If Jazz Winds emphasized Hank in a [Tal] Farlowesque context, the ten-song SESAC effort, released to clients under the title Subtle Swing, reflected the influence of pianist George Shearing’s Quintet. Programming requirements seemingly mandated no songs longer than four minutes. It’s a Garland-Burton effort all the way.”
Rare original copy of 1960 SESAC album — sold for $47 in 2004
“Now that the Hank Garland Quintet is a ‘fait accompli’ on SESAC Recordings, the young guitarist stands in the unique position of moulding a new career on the firm foundation of his C&W successes. With a patient hand and perceptive musicianship, he has unified the instrumental skills of five performers to produce these refreshing sounds. The “subtle swing” which has always been a vital part of Garland’s playing transcends his newest contribution to musical entertainment.” [liner notes from the back cover]
But tragedy would intervene in Garland’s life when a blown rear tire resulted in a serious accident that would leave him permanently impaired. 1962’s Unforgettable Guitar of Hank Garland would essentially be a repackaging of the SESAC recordings — his musical career forever halted. In 1992, Bear Family would gather Garland’s 1940s & 50s Decca recordings, including a pair of excellent unissued tracks from 1957, “Baby Guitar” and “Hank’s Dream.”
2004 reissue — “designed for repeated listening” as the original LP promised
Zero to 180 kicks off its musical salute to grits with an obvious winner of an instrumental, “Tacos and Grits” by Al Grey:
“Tacos and Grits” Al Grey 1963
The first featured song in Zero to 180’s music & grits series — launching on the heels of Saturday’s big Max Fleischer event at the AFI — happens to be represented on YouTube by exactly one audio clip, one that is illustrated (for mystifying reasons) by a still image of Betty Boop.
Trombone: Al Grey
Piano: John Young
Guitar: Leo Blevins
Bass: Ike Isaacs
Drums: Phil Thomas
Engineer: Ron Malo
Supervisor: Esmond Edwards
Liner Notes: Holmes (Daddy-O) Daylie
A single clause would speak volumes: “Recorded December 17, 1963” – as it says on the cover of Al Grey’s Boss Bone album. One day. Just like Stones Jazz by Joe Pass. Even the debut album by The Beatles would require a handful of recording sessions. Recording for the Boss Bone album would take place at Ter Mar studios – i.e., Chess.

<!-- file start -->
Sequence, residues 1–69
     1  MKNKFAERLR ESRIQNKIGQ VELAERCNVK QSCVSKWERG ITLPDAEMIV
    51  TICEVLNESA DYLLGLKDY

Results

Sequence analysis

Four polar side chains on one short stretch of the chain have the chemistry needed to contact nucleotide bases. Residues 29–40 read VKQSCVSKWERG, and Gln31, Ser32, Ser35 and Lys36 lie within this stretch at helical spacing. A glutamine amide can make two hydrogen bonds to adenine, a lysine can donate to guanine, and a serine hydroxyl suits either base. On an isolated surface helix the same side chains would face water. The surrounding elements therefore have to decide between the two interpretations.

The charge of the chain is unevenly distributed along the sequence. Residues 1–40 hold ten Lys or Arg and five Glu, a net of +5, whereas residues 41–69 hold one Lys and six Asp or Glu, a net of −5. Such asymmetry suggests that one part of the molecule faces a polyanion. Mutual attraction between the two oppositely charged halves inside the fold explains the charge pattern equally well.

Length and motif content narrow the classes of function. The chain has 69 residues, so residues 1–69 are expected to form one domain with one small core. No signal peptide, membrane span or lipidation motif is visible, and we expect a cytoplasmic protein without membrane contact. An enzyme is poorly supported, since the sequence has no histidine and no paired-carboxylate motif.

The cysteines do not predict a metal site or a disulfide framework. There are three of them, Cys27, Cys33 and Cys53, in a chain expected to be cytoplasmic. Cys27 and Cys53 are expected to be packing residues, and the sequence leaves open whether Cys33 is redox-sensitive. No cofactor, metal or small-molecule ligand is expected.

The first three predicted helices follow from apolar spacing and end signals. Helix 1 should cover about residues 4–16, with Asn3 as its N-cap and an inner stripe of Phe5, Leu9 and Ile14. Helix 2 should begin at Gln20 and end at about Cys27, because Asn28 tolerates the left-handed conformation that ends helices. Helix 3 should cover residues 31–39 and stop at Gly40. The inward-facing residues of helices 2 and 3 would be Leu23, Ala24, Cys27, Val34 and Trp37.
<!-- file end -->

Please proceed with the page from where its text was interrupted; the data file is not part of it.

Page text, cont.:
“Tacos and Grits” would be released on Chess subsidiary, Argo, in 1964 — did it chart? Rest assured, Al Grey did register his copyright for “Tacos and Grits” in 1964.
Fish tacos and grits
Good news! “Taco and Grits” would be used as background music to accompany Mr. Fine Wine’s DJ patter on WFMU’s Downtown Soulville radio show on July 11, 2014.
Bill Doggett and his Hammond organ, in 1957, would breathe (via flute) fresh life into Tiny Bradshaw‘s “Soft” from 1952 – both versions released on King. Even though Doggett’s “Soft” would ‘only’ peak at #51, Billboard’s “Hot 100 Chart History” indicates this song to have spent 14 weeks on the chart – impressive staying power for an instrumental:
The song would endure into the 1970s. However, King Records would do a curious thing. On the one hand, King would reissue “Soft” as a single in 1971 – though as a B-side (!) – while just the year prior, the song had been deemed fit to serve as the title track of a Bill Doggett LP compilation. What gives? Perhaps the 1971 single was an attempt to give record buyers a “double A-side” release with two solid tracks and no filler, so perhaps I should lighten up a little.
1971 King LP — “Soft” as title track 1970 King 45 — “Soft” as B-side
It’s the Bill Doggett Centennial!
Bill Doggett, who recorded an instrumental in 1956 (“Honky Tonk”) that sold over 1 million copies — a ridiculous number, especially for King Records. 2016, therefore, means that “Honky Tonk” turns 60 (which is the new 40, anyway), and the artist who recorded it was (curiously enough) 40 years old at the time, as Bill Doggett was born exactly one hundred years ago. I have to confess: I didn’t figure this out on my own. This information would come directly from Bill Doggett II, nephew and namesake, who recently reached out to Zero to 180 in response to the precarious future of the original King Records historic site in Cincinnati:
“King Records and its building are to Cincinnati Music History what Capitol Records and its building are to Los Angeles and West Coast r&b and jazz. Preserving the building and turning it in to a restored TOURIST Destination will bring Tax revenue dollars and TOURISM. Think BIG….not small. THIS YEAR is The BILL DOGGETT CENTENNIAL 1916-2016 and THE 60TH Anniversary of the landmark KING Gold Record: HONKY TONK Parts 1/2.”
“Honky Tonk”: Promotional video from Bill Doggett Productions
Browse Doggett’s many releases from the 1950-1970s and beyond at Discogs.com